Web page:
- Year Published: 1922
- Language: English
- Country of Origin: United States of America
- Source: Burgess T. W. (1922). Whitefoot the Woodmouse Boston: Little, Brown & Co..
- Flesch–Kincaid Level: 4.5
- Word Count: 419
Burgess, T. (1922). "Whitefoot Gives Up Hope". Whitefoot the Woodmouse (Lit2Go Edition). Retrieved December 11, 2013, from
Burgess, Thornton W.. ""Whitefoot Gives Up Hope"." Whitefoot the Woodmouse. Lit2Go Edition. 1922. Web. <>. December 11, 2013.
Thornton W. Burgess, ""Whitefoot Gives Up Hope"," Whitefoot the Woodmouse, Lit2Go Edition, (1922), accessed December 11, 2013,.
Whitefoot had been in many tight places. Yes, indeed, Whitefoot had been in many tight places. He had had narrow escapes of all kinds. But never had he felt so utterly hopeless as now. The moment he landed in that sap, Whitefoot began to swim frantically. He isn’t a particularly good swimmer, but he could swim well enough to keep afloat for a while. His first thought was to scramble up the side of the tin pail, but when he reached it and tried to fasten his sharp little claws into it in order to climb, he discovered that he couldn’t. Sharp as they were, his little claws just slipped, and his struggles to get up only resulted in tiring him out and in plunging him wholly beneath the sap. He came up choking and gasping. Then round and round inside that pail he paddled, stopping every two or three seconds to try to climb up that hateful, smooth, shiny wall.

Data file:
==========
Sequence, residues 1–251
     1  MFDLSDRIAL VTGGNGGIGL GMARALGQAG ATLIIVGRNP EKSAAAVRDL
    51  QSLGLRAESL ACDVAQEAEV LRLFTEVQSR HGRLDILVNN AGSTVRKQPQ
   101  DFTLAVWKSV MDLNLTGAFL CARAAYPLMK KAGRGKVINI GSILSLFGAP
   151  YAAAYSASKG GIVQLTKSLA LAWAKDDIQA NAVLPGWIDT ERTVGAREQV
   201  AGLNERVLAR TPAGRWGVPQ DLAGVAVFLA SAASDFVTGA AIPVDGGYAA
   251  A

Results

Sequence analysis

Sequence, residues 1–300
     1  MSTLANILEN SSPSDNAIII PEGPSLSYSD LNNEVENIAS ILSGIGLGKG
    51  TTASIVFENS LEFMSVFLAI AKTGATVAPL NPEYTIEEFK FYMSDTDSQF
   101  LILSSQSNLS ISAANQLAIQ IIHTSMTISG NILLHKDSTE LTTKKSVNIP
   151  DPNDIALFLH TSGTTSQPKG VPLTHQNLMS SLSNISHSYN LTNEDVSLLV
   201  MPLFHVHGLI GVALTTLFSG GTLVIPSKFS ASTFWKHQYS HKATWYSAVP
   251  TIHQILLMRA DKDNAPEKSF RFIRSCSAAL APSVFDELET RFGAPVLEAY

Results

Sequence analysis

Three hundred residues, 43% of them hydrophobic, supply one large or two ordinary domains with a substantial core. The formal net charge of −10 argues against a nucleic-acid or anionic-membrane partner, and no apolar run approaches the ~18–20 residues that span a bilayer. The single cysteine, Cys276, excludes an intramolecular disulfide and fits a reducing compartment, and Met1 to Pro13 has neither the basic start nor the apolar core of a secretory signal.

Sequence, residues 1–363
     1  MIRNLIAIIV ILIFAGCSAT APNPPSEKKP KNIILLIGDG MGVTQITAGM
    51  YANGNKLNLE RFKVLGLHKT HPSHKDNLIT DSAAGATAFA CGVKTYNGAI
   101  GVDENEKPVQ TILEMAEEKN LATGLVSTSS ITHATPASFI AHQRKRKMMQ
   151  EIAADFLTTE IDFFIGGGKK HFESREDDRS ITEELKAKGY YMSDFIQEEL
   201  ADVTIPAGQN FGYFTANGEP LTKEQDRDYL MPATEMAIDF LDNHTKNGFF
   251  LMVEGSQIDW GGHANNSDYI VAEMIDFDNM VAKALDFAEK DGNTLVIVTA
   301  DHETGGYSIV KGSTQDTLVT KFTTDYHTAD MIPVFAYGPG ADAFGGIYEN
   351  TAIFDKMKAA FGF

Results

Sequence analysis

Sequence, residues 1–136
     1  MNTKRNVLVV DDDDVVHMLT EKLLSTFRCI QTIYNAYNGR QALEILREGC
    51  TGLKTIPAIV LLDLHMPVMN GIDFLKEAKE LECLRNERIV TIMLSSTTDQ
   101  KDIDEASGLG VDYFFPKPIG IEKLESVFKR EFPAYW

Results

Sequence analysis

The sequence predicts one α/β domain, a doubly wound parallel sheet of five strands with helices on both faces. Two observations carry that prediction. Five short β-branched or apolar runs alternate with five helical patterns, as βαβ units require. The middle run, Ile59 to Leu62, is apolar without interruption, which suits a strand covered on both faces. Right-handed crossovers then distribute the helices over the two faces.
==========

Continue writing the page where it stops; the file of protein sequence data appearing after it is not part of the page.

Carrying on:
The more he tried to climb out, the more frightened he became.
He was in a perfect panic of fear. He quite lost his head, did Whitefoot. The harder he struggled, the more tired he became, and the greater was his danger of drowning.
Whitefoot squeaked pitifully. He didn’t want to drown. Of course not. He wanted to live. But unless he could get out of that pail very soon, he would drown. He knew it. He knew that he couldn’t hold on much longer. He knew that just as soon as he stopped paddling, he would sink. Already he was so tired from his frantic efforts to escape that it seemed to him that he couldn’t hold out any longer. But somehow he kept his legs moving, and so kept afloat.
Just why he kept struggling, Whitefoot couldn’t have told. It wasn’t because he had any hope. He didn’t have the least bit of hope. He knew now that he couldn’t climb the sides of that pail, and there was no other way of getting out. Still he kept on paddling. It was the only way to keep from drowning, and though he felt sure that he had got to drown at last, he just wouldn’t until he actually had to. And all the time Whitefoot squeaked hopelessly, despairingly, pitifully. He did it without knowing that he did it, just as he kept paddling round and round.